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Gimme Five! Hank Smith of The Morning After

When the musicians of The Morning After first teamed up, their range of expertise made choosing just one style to focus on a difficult task.  Ultimately, they figured it’s way more fun to share the love and throw out the rulebook. The resulting sound is a wild blend of rock, bluegrass, soul, jazz, funk, latin and beyond. They’re part acoustic revivalists, part showstoppers.

Can their banjo-man handle his part in answering these five questions, though? See for yourself after the jump.

1. If your band were a vegetable, what would it be?
If The Morning After were a vegetable, we would be summer squash. Summer squash grow in humid conditions, like a nice topsoil bed and yield abundant fruit in the hot months of the year. Summer squash can be made into lots of things, fried, canned, or frozen, brought out to be enjoyed at anytime during the year, but tastes best right off the vine. They can also be used to throw at people, made into hilarious props, used in cornucopias, or loaded into cannons and shot. I guess that describes us!

2. When did you start to think music might really work out as something more than a bedroom hobby?
For me, personally, it was when I got to college at Winthrop University and played my first paid gig. I think I made $20 and got some beer, but I was 17 at the time, so that was pretty cool. I thought, “hey, maybe I can make some money doing this. I need to get in a band!” Some friends and I formed a college jam band and we rehearsed originals, played in local clubs, even recorded a demo. I eventually quit the band to pursue other musical interests, but they kept playing. My bands would play gigs with that band and we all had a great time. It just accelerated from that point. I would put bands together for gigs with my friends who i knew were extremely talented and would not require alot of rehearsal, because usually time was of the essence. One such collaboration included Bob Crawford on bass (who now plays for the Avett Bros.) and Charlotte drum guru, Adam Snow. Bob and I still keep in touch and it’s pretty cool to talk to him about all this fame he has now. He was the most unlikely candidate for fame back in those days. Everyone figured it would be one of the guitar gods. Bob was always really quiet and humble. Super nice and grounded, so the success has not gone to his head at all.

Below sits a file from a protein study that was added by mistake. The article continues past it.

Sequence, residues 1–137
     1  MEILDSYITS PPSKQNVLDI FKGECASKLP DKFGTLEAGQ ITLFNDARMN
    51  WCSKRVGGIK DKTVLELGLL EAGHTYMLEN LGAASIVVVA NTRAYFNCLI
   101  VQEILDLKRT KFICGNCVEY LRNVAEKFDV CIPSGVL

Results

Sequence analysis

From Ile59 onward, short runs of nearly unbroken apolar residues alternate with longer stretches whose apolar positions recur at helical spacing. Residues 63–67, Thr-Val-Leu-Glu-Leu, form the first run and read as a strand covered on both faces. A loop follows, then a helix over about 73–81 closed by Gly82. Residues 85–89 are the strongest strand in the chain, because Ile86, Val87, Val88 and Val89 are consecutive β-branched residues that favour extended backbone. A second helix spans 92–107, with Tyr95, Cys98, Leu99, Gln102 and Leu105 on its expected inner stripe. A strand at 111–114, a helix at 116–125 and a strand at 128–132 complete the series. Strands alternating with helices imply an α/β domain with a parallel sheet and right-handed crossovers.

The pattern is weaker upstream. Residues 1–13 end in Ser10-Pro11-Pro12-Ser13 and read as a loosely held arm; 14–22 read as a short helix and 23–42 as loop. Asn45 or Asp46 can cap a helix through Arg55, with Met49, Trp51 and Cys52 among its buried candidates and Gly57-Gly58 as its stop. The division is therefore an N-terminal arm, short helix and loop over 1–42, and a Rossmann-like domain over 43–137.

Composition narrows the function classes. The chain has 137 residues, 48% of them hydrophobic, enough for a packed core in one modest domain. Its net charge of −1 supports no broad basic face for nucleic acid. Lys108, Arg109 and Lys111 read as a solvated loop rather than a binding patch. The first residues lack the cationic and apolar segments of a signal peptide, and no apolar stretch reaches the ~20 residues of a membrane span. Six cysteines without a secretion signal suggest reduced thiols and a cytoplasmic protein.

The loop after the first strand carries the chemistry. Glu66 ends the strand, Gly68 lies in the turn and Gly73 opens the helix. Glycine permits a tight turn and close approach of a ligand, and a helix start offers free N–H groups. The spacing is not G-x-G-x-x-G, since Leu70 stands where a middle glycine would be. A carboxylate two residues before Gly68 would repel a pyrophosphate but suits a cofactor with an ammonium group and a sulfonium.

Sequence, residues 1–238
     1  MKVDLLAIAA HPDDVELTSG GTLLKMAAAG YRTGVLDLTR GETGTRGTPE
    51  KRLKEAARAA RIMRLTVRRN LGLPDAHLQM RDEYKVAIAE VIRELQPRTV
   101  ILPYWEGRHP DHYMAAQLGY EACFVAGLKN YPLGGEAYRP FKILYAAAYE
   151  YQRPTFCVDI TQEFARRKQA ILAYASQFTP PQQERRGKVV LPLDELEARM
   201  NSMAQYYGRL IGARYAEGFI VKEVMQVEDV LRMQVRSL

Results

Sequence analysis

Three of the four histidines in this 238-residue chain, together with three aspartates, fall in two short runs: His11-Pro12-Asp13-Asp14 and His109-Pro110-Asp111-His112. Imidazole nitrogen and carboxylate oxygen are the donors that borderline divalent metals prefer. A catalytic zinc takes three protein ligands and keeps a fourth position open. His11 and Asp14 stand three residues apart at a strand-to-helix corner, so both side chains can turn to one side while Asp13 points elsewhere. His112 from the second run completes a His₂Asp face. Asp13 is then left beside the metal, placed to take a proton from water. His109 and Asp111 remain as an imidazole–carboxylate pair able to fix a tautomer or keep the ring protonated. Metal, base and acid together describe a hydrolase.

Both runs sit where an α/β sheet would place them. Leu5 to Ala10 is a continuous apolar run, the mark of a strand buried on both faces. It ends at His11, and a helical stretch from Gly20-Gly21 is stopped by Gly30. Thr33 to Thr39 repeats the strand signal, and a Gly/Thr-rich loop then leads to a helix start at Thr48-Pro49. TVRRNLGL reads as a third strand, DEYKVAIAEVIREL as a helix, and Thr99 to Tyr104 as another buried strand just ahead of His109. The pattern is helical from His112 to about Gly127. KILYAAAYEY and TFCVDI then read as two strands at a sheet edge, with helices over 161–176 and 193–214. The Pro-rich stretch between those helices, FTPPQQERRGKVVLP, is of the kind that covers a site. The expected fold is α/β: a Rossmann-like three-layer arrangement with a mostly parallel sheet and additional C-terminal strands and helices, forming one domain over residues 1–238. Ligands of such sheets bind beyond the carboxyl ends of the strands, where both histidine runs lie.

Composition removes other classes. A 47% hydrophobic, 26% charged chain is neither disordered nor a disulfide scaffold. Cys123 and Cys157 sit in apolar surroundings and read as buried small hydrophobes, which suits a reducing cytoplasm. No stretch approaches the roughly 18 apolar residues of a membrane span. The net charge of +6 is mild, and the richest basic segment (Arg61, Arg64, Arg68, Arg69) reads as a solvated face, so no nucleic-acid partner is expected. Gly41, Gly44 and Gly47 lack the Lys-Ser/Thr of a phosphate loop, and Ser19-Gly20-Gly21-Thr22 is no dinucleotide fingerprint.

3. Describe your typical band practice.
Our band practices are epic. Rachel, the lead singer, and I date each other and live together, so rehearsal occurs at our house. We always cook giant meals for the band and have beer for everyone. Once we’re all fed and happy, we retire to the practice room and things are very efficient. We just finished recording our debut album of original material, so most of our rehearsals lately have been centered around writing and learning the material, working it up and deciding arrangements for the album. It was alot of fun to work all these new songs up and we played most of them at our New Year’s show, so that felt great. Rehearsals are always recorded, so the recordings can be distributed among the band members the next day via dropbox. We get an immense amount of work done in a relatively short amount of time and keep at it pretty faithfully every Thursday night when we don’t have gigs. Come by and eat with us sometime!